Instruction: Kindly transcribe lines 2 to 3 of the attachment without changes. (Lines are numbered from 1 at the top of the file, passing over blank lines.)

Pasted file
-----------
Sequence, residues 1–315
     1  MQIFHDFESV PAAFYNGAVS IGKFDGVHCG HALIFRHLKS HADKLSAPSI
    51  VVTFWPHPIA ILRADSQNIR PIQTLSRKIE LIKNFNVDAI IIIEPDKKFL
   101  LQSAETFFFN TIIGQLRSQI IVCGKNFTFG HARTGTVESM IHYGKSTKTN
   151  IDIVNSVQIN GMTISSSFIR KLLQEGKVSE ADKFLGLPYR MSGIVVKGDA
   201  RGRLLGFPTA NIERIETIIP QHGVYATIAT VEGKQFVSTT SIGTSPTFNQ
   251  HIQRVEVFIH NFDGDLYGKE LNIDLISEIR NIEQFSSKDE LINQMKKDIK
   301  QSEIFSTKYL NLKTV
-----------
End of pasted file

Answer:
     1  MQIFHDFESV PAAFYNGAVS IGKFDGVHCG HALIFRHLKS HADKLSAPSI
    51  VVTFWPHPIA ILRADSQNIR PIQTLSRKIE LIKNFNVDAI IIIEPDKKFL